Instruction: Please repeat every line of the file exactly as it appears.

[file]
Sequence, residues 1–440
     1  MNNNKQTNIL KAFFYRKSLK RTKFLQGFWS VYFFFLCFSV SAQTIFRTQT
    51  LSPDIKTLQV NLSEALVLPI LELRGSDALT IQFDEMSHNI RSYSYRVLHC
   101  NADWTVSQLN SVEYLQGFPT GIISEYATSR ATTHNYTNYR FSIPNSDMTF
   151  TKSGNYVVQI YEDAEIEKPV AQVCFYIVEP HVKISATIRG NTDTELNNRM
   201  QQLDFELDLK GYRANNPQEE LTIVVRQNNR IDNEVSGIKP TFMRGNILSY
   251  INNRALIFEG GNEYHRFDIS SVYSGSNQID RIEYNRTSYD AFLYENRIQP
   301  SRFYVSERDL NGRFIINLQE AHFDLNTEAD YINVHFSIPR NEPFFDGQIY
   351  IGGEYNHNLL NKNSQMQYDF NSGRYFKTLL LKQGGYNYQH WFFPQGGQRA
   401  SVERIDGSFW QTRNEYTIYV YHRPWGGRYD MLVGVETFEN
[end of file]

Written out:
Sequence, residues 1–440
     1  MNNNKQTNIL KAFFYRKSLK RTKFLQGFWS VYFFFLCFSV SAQTIFRTQT
    51  LSPDIKTLQV NLSEALVLPI LELRGSDALT IQFDEMSHNI RSYSYRVLHC
   101  NADWTVSQLN SVEYLQGFPT GIISEYATSR ATTHNYTNYR FSIPNSDMTF
   151  TKSGNYVVQI YEDAEIEKPV AQVCFYIVEP HVKISATIRG NTDTELNNRM
   201  QQLDFELDLK GYRANNPQEE LTIVVRQNNR IDNEVSGIKP TFMRGNILSY
   251  INNRALIFEG GNEYHRFDIS SVYSGSNQID RIEYNRTSYD AFLYENRIQP
   301  SRFYVSERDL NGRFIINLQE AHFDLNTEAD YINVHFSIPR NEPFFDGQIY
   351  IGGEYNHNLL NKNSQMQYDF NSGRYFKTLL LKQGGYNYQH WFFPQGGQRA
   401  SVERIDGSFW QTRNEYTIYV YHRPWGGRYD MLVGVETFEN